“In a very objective sense, we should not restore the house; it will be expensive, was not designed for public use, is on the waterfront which risks flooding, we don’t yet know decisively whether any/many original parts can be salvaged, and the public response was lukewarm when we surveyed residents last year,” she responded.
“On the subjective hand, it is a very important part of the heritage of our community; a unique history intertwined with our local indigenous neighbours, and the possibility that it could become a permanent public fixture that would explain this history, and be utilized without much cost to taxpayers (like a coffee shop), is even more compelling to me.”
Some time ago I asked Coun. Peter Lambur in off-handed conversation what he thought of NJH. In real life Lambur is an architectural planning and design consultant, and, this not being a proper media interview, my recall of his non-political answer was that of a professional fascinated by the rehabilitation challenges and what uses a reconstructed building could be put to. He made it sound like great fun. A sort of fun of creative accomplishment. What do I know.
And speaking of fun, there’s enough of it in the John “Navvy Jack” Thomas story to lift it from the dust of history for average citizens – maybe even persuade them that the restoration would be worth the cost. (“Navvy”, if you’re as unsure as I was, is an abbreviation of navigator, says the Oxford Dictionary, defining it as “a labourer employed in the construction of earth-works …” etc. Merriam-Webster cites the word as “chiefly British” and defines it simply as “an unskilled laborer”.)
Here’s droll fun: A newspaper story credits Navvy Jack’s rooster with a marine first. The sternwheeler Yosemite, carrying excursion passengers from Victoria, was shrouded in heavy fog on the morning of May 24, 1888, while approaching First Narrows and had to drop anchor. When the rooster began to crow, the ship’s captain took a bearing from the sound, raised anchor, sailed safely through the foggy narrows, and arrived in port on schedule. So Navvy Jack’s rooster was given credit as the first navigation aid in the area.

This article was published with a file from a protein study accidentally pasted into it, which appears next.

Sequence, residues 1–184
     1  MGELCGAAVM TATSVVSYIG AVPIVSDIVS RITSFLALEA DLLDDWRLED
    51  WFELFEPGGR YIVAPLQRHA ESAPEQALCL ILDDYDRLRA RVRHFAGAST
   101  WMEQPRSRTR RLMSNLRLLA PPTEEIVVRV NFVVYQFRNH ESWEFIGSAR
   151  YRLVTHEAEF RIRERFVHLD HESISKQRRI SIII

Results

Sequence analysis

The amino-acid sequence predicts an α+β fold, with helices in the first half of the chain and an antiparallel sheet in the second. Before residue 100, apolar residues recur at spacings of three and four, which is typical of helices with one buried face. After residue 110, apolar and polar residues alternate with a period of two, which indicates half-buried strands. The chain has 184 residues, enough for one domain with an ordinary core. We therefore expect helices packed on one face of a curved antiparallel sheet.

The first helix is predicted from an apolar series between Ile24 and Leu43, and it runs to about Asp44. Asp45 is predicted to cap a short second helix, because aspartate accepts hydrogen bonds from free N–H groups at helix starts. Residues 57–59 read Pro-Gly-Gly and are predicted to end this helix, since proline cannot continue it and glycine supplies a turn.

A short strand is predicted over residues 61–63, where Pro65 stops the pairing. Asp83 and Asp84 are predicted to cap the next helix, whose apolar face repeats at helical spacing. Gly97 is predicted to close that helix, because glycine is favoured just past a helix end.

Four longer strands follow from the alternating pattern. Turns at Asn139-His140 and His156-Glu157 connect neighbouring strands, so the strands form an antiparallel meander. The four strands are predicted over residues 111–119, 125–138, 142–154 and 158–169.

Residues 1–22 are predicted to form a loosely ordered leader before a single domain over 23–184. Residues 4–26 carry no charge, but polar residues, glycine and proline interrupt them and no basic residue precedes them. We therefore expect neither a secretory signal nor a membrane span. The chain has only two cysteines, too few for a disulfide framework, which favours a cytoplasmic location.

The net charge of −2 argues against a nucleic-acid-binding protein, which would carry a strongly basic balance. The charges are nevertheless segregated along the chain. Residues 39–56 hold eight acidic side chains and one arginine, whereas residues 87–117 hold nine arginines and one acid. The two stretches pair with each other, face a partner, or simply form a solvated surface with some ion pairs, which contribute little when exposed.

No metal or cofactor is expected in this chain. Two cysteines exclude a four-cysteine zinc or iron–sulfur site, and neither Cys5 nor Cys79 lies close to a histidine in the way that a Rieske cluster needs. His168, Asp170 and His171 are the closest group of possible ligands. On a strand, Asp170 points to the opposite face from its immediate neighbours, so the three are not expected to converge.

Navvy Jack was “a Welsh deserter from the Royal Navy,” Bruce Ramsey wrote in A Place of Excellence: A Chronicle of West Vancouver 1912-1987. He had businesses, including a gravel business. The historians don’t seem to have discovered anything about his personality or character. He was married to Slawia or Row-i-a, also called Magdeleine, granddaughter of Chief Kiepalano, also spelled Capilano, a bond with the aboriginal people of this area.
Not an auspiciously upstanding citizen, Thomas didn’t pay his taxes and left for, possibly skedaddled to, the Cariboo goldfields. His house, built in 1872 or 1873, was picked up in a tax sale. Land developer John Lawson, in old-fashioned-speak “Father of West Vancouver”, settled on the property.
That property is now owned by the municipality. The house’s last occupant under an agreement with West Van, Lloyd Williams, died in 2017. Navvy Jack’s bones, according to historian Ramsey (a notable character in his own right), lie in a miner’s cemetery in the now touristy town of Barkerville.
But of course the above barely touches on the NJH story. The research uncovered by the West Vancouver Historical Society and its allied Navvy Jack House Citizen Group is stunningly deep, detailed and interesting, tapping contemporary records and modern perspectives by writers including Hugh Johnston 20 years ago and more recently outstanding local historian Eve Lazarus. Credit gritty work by WVHS directors trying to update the preservation message to multitudes in that four-day span.
It would be enough if they convinced seven people. You know who they are.
The kicker, in the past parlance of the trade, over the headline of the above is stolen from a W.B. Yeats poem. Rookie Trevor Lautens began in the newspaper business 67 years ago this Friday. No celebration is planned. To widespread relief, this is one of his last pieces for Holland House Communications Ltd.